ORIGINALLY WRITTEN ERIC CLARK
On every team roster, you’ll usually find one or two athletes who don’t see much playing time.
Usually this is because they aren’t as talented as the other athletes. In some cases they aren’t given the opportunity because the coaches have decided they simply can’t help their team immediately.
In my experience, these athletes are also some of the hardest workers in practice and on the court. They value the time they get to participate as a member of a team-even if their playing time is only a few minutes the entire season.
Deemed the “guy(s) at the end of the bench,” these athletes learn to accept their situation.
Some, though, refuse to be labeled. They scratch and claw until they have made a name for themselves-the Rudy Rudigers of the world.
But not every athlete can overcome the odds. T.J. Whatley is one example who comes to mind.
Whatley played four years for the Kansas Jayhawks in the ’90s and never climbed out of his infamous role as a Hawk bench warmer-partly because the teams KU put out on the court those days were so talented and partly because he just wasn’t very good.
But he was well-known nonetheless-at least among KU fans.
In some cases, being among the last two or three players off the bench carries some prestige. When they do get to play, the fans go nuts for them. The crowd wants them to score every time they touch the ball.
That’s what makes these athletes so special.
How about the little guy on the movie “Hoosiers”? He didn’t play a lot for his team most of the season, but came in and sank the winning free throws that gave his team the chance to play in the state finals.
Who wouldn’t love a player like that?
Many of these bench players are also some of the smartest players on the team, making up for their lack of athleticism. Some went on to become the greatest coaches in the game.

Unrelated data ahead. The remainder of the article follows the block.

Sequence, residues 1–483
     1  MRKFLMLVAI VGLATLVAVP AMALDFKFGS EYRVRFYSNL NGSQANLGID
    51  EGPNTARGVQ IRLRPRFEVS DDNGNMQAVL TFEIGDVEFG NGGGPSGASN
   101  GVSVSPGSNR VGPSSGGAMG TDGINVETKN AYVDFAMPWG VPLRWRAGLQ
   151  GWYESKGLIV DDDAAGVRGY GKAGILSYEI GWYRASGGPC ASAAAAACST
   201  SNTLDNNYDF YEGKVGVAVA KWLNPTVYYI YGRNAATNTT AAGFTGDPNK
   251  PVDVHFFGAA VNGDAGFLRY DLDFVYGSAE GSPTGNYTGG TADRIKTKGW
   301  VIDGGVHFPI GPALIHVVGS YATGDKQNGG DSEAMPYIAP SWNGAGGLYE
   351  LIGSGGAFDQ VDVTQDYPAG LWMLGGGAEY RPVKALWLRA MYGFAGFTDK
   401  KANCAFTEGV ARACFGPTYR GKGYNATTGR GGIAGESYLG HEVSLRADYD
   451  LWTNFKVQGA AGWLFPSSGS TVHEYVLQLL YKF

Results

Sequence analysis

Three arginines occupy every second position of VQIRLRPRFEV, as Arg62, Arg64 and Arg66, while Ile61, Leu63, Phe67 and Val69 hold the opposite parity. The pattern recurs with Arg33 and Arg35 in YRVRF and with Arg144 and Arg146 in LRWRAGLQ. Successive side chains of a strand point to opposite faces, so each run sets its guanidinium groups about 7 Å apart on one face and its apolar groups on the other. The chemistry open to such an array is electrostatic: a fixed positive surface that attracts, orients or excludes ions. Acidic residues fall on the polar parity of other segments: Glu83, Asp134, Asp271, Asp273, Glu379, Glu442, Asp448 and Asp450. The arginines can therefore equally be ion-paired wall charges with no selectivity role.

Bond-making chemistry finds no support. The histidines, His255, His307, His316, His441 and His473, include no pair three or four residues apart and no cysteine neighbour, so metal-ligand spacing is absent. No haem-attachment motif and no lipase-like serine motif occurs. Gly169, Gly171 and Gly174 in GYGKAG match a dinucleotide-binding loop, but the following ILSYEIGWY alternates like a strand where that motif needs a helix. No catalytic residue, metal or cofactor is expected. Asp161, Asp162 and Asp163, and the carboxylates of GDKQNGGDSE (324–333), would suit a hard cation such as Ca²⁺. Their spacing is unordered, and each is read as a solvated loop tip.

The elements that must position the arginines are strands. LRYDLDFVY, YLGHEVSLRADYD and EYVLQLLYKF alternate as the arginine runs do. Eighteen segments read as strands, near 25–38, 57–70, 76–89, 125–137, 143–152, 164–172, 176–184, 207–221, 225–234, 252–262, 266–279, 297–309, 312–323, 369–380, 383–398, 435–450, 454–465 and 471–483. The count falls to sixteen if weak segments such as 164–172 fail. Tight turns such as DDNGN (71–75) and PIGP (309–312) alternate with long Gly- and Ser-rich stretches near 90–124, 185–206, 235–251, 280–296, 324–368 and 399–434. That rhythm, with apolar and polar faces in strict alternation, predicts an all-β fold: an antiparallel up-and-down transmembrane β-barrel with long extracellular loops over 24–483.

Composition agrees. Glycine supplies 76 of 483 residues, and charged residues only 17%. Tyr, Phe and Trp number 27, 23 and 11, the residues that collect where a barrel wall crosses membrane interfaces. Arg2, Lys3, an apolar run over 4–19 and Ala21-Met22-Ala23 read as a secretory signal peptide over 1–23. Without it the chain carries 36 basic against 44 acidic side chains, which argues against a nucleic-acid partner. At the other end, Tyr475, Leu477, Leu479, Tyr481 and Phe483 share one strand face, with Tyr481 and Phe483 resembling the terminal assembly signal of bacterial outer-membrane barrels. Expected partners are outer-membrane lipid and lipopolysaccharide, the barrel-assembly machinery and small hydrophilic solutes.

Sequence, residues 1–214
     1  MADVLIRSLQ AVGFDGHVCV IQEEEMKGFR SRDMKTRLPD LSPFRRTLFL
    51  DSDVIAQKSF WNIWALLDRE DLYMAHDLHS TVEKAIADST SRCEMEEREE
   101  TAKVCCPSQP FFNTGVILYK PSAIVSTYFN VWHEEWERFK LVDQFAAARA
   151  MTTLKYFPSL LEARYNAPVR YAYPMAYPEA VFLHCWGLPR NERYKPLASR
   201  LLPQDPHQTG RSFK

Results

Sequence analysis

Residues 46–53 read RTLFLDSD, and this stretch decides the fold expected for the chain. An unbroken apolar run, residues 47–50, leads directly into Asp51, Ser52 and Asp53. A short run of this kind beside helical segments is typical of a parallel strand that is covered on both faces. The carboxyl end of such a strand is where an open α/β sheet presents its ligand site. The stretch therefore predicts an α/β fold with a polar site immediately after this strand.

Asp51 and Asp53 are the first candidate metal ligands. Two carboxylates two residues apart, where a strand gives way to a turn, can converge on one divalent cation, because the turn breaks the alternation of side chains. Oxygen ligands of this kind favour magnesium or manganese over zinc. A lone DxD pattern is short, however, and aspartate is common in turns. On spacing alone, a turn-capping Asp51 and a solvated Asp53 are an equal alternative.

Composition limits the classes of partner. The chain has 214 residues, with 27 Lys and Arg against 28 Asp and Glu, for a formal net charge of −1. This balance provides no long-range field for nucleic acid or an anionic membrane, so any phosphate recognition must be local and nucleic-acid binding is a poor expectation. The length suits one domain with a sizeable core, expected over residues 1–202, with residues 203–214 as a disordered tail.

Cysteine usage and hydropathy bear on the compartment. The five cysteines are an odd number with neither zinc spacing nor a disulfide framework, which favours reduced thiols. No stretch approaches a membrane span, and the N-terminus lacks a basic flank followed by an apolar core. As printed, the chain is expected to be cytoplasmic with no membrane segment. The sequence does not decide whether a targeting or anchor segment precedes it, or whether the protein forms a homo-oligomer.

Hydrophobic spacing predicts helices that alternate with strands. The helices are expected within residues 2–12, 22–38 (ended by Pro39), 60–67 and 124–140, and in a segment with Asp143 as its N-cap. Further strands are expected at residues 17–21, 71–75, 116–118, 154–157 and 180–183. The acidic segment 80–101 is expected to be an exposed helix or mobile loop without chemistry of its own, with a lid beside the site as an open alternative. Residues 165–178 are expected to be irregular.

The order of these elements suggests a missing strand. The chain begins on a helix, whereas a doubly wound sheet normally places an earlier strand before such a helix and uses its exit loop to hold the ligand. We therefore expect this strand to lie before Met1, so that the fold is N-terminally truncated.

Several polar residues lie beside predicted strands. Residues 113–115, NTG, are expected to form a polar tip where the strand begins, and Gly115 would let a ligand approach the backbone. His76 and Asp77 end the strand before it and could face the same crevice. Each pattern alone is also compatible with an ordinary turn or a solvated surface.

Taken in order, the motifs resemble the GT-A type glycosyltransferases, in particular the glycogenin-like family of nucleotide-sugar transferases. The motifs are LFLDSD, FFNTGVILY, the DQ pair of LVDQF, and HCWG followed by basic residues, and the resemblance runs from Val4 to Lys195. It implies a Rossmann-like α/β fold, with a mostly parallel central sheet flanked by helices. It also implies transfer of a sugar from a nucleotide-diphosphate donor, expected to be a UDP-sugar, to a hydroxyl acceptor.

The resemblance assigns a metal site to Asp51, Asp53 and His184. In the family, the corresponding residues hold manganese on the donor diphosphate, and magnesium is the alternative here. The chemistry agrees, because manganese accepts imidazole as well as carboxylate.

But the real issue here is that regardless of whether these players are embraced by fans or whether they know the game better than those playing, these athletes are usually counted out before they’re even given a chance.
I’ve seen this occur much more at the high school level than at any other level of basketball.
In middle school, at least in Hillsboro, guidelines are in effect that give kids the chance to play even though it may jeopardize the team’s chances of winning.
At that level, why not?
While I’m not a big fan of equal playing time, I believe each athlete possesses some trait that can help a team improve.
True, some athletes play better coming off the bench. But if we label them as bench players before we give them a realistic opportunity, we can’t expect them to be the best they can be. Nor can we expect them to be excited about working hard to better themselves and the team when they don’t feel like they’re a contributing member of the team.
Instead of containing their ability, coaches should try to squeeze every ounce of ability out of their players-not just for the coaches’ benefit but for the benefit of the team and the player.
It’s not a perfect world, and I understand that. I’ve been in both positions, as a player who started for his team and as a player who road the pine. Both positions are difficult.
Players inevitably remember aspects of sporting events long after the game is over, and their memories usually have a lot less to do with the basketball games and practice and more to do with how they were coached, embraced and perceived.
A coach is a powerful influence in the life of a young man or woman. They have the ability to inspire and build an individual’s confidence.
They also have the ability to enrage and scar an individual for life.
And I’ve experienced both.
We count on our coaches to use this power positively, but sometimes we all get lost in the “win-at-all-cost” mentality.
Perhaps, winning isn’t as important as we make out to be.
Whether a player plays a little or is a starter, each player has the ability to help a team. What a coach decides to get out of their players is ultimately up to him.
But simple mathematics tells me that a team of 12 has a better chance of winning a basketball game than a team of five.
So give me five starters and seven bench players any day, because at some point they all have to sit on the same bench.
ORIGINALLY WRITTEN ERIC CLARK